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Featured Advisor



Kim Butler
President

Partners for Prosperity, Inc.

City:Mt. Enterprise

State: TX



BIOGRAPHY:
I have 20+ years of handling alternative investments in cash, growth and income for clients nationwide.  I strive to help my clients with all things financial in every way possible over the phone and the web.  I own an alpaca farm which I enjoy working during my downtime.  I also enjoy gardening, writing and reading books.  I also train other advisors on Prosperity Economics.

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Money and Marriage: Tips from Older Investors

Thinking of getting hitched? Learn about money and marriage from older investors.

| BY Adriana Reyneri

Older investors advise couples launching a new life partnership to discuss their views on money and marriage, according to new Millionaire Corner research, that shows that older investors consider open communication the most important ingredient for a financially health marriage.

Marriage is a “merger” of more than just families, according to the Nehemiah Community Foundation, a non-profit based in Sacramento, CA, that aims to promote financial literacy. “Successful marriage partners make a financial commitment to share money, resources, and to manage their finances together,” said the foundation. “They talk about money, set up strategies and plans for saving money, budgeting and spending.”

The benefits of 20-20 hindsight have taught older investors – those ages 60 and above - that money and marriage are inextricably linked. More than three-fourths of older investors say the primary advice they would give a young couple is “outline financial goals, expectations and values prior to getting married,” according to a Millionaire Corner survey conducted in May. Younger investors – those age 40 and under – place less of a premium on talking about money and marriage. About two-thirds said they would advise a young couple to discuss finances prior to tying the knot.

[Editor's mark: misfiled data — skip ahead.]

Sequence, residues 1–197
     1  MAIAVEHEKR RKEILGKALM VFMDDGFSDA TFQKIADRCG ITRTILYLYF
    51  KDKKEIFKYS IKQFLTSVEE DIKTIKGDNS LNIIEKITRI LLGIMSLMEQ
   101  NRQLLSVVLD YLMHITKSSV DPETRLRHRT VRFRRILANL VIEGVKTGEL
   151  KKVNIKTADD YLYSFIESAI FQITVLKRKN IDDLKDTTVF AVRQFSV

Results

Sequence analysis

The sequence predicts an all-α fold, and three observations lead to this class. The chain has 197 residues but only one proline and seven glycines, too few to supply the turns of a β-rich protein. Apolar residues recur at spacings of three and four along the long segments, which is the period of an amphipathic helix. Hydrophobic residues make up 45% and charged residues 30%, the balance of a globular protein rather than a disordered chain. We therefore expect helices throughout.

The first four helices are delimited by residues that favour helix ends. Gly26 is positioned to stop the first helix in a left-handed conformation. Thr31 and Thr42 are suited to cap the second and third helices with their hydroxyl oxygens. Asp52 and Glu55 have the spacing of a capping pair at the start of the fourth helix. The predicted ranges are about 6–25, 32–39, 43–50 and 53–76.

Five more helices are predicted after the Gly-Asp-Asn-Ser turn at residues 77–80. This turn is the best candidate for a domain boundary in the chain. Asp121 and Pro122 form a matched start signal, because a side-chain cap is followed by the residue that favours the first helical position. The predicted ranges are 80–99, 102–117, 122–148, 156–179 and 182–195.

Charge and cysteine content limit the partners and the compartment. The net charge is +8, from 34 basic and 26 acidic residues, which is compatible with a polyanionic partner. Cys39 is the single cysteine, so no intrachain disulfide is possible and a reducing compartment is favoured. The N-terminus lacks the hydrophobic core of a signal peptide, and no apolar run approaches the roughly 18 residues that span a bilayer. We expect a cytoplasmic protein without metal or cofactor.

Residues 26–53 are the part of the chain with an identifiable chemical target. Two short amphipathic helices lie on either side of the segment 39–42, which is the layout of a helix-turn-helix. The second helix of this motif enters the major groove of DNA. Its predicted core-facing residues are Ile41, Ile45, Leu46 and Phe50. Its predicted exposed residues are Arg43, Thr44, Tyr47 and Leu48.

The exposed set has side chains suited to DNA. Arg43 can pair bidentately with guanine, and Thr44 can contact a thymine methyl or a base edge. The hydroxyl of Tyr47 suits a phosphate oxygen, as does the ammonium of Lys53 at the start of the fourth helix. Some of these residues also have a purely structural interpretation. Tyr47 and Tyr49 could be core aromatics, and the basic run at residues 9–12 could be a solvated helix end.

What other tips do older investors have concerning money and marriage? More than half recommend a young married couple purchase a home “as soon as you are financially able.” Older investors are twice as a likely those 40 and under to recommend homeownership as a way to secure financially healthy marriage. The strategy is recommended by one-fourth of the younger investors.  (Most affluent investors believe young couples should more emphasis on financially planning and less on a lavish wedding.)

The third most important step for a financially healthy marriage is premarital counseling, say older investors, who seem to understand better than younger investors that divorce and financial stress go hand in hand. According to the Nehemiah Foundation, “While you can’t totally prevent financial challenges, you can minimize the strain financial issues can cause on your marriage by spotting money problems early and immediately attacking them to prevent disaster.”

More than 40 percent of older investors recommend premarital counseling, compared to one-third of younger investors. Those age 40 and young over are more likely to recommend addressing money and marriage issues by living together before getting married to see whether “you are financially compatible,” according to our research.  Less than one-fourth of older investors believes that living together is a good way to ensure a financially healthy marriage. (Many affluent investors recommended checking your future spouse’s credit before getting hitched.)

Older and younger investors do agree on one aspect of money and marriage: Delay having children until you are financially secure.